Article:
Dean was among the first doctors in the country to sound the alarm about the COVID-19 outbreak, but she met a stone wall when she approached others. Her boss, the Director of the DPH — and her boss’ boss, in the Governor’s Cabinet — forbade her to sit in on meetings where she might talk about her fears or to send email about the disease. And the CDC stoutly refused to take action early enough to make a difference, insisting that developing vaccines was the key to fighting the pandemic. As Lewis remarks, “The root of the CDC’s behavior was simple: fear. They didn’t want to take any action for which they might later be blamed.” And the source of that fear lay in the 1976 swine flu scare, when the then-director of the CDC was forced out for moving to combat a pandemic that never broke out.
Since the events portrayed in The Premonition, Dr. Dean left the public sector. In 2020 she founded the Public Health Company, which offers a platform to protect businesses and communities from infectious disease.
Richard Hatchett served in the White Houses of Presidents George W. Bush and Barack Obama. He was involved in the federal response to the spread in 2008 of the H5N1 avian influenza (“bird flu”), the 2009 H1N1 influenza pandemic, and the Ebola, MERS, and Zika epidemics.
Hatchett was named to the National Security Council in 2005 after President Bush read a book by John Barry entitled The Great Influenza: The Story of the Deadliest Pandemic in History. When Bush learned that the United States had no plan to combat a future pandemic, he demanded action. And that led to the formation of a team of seven doctors from across the federal government to write one. They came from the National Institutes of Health, the State Department, the Veterans Administration, the Justice Department, and elsewhere.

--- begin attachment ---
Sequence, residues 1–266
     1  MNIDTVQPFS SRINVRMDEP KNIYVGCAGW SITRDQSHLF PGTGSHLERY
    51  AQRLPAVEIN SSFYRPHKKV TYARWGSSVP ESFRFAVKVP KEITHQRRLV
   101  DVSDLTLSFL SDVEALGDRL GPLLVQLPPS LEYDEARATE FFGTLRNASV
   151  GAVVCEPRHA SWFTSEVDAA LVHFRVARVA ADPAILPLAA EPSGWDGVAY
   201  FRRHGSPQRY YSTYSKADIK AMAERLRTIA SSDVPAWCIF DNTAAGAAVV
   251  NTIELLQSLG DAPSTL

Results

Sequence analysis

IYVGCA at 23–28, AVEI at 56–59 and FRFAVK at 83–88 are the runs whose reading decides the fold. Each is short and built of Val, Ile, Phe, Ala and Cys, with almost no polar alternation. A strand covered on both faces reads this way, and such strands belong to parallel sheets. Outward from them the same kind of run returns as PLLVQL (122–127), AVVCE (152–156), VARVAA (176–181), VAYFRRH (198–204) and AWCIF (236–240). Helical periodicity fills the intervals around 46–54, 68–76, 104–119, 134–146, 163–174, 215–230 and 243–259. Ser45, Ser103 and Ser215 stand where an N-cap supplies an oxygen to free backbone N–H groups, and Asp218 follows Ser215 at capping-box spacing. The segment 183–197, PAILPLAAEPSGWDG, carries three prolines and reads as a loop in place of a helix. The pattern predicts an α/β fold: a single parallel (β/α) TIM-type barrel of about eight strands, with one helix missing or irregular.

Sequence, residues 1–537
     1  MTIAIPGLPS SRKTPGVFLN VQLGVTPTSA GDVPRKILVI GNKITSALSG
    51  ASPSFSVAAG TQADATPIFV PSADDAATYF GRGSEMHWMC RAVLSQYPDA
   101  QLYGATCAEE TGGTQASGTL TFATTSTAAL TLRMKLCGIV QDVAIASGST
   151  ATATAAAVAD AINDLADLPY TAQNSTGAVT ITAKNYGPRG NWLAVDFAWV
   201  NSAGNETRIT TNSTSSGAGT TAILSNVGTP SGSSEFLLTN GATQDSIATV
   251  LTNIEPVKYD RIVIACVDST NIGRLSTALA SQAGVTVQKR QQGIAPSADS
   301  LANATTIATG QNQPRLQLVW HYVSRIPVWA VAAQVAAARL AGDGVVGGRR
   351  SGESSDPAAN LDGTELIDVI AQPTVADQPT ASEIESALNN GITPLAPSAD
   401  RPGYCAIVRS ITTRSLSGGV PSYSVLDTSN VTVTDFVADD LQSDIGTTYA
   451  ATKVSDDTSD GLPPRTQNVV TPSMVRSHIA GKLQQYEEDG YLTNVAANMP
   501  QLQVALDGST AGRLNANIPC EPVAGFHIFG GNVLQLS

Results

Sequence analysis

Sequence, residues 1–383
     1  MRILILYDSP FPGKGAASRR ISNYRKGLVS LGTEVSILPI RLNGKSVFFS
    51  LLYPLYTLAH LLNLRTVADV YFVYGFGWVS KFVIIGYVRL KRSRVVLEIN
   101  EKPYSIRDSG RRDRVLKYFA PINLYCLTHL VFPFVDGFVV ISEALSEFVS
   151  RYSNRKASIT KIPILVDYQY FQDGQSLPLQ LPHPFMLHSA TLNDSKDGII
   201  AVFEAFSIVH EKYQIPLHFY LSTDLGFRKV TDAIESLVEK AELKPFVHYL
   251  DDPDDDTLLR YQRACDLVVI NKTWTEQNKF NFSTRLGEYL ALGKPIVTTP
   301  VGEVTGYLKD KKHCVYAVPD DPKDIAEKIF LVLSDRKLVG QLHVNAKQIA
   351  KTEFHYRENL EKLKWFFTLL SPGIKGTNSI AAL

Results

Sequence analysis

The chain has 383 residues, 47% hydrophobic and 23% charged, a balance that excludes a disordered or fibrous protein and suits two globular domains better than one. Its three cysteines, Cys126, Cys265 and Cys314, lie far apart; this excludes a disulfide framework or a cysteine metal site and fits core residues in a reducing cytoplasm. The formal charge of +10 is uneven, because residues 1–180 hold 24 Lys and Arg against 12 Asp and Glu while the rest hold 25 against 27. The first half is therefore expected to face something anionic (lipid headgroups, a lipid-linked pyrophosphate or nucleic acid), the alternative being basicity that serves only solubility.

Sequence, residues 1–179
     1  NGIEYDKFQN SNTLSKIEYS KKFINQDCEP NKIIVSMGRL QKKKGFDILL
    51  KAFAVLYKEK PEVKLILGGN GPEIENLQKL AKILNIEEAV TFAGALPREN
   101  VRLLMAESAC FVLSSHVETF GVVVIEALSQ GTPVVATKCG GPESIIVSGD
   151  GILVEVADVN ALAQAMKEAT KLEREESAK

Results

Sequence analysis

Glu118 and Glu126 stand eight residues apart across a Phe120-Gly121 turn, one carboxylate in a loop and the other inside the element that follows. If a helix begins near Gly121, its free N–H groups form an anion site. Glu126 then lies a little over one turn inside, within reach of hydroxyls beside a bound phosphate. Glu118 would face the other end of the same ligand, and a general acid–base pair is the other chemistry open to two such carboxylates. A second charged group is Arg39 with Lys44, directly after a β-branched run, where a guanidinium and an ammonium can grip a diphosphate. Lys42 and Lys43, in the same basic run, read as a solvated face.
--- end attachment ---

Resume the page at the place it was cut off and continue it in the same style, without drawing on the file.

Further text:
The star of the bunch was Dr. Carter Mecher of the VA [see below], and the close working relationship he developed with Dr. Hatchett made all the difference. Their plan — which drew on the insights in Laura and Bob Glass’ eighth-grade science project — called for taking the steps that were so belatedly adopted last year in response to the COVID pandemic, including social distancing and the use of face masks.
Dr. Hatchett holds an MD from Vanderbilt University School of Medicine. Currently, he is CEO of the Coalition for Epidemic Preparedness Innovations (CEPI), a global partnership of public, private, philanthropic, and civil organizations working to finance and co-ordinate the development of vaccines against COVID-19 and emerging infectious disease threats.
Joe DeRisi specializes in molecular biology, parasitology, genomics, virology, and computational biology. He chairs the Department of Biochemistry and Biophysics at the University of California, San Francisco (UCSF) and serves as co-president of the Chan Zuckerberg Biohub. (The Biohub was funded by a $600 million grant in 2016 from Facebook founder Mark Zuckerberg and his wife, Dr. Priscilla Chan.) DeRisi holds a BS in Biochemistry and Molecular Biology from the University of California, Santa Cruz, and a PhD in Biochemistry from Stanford University.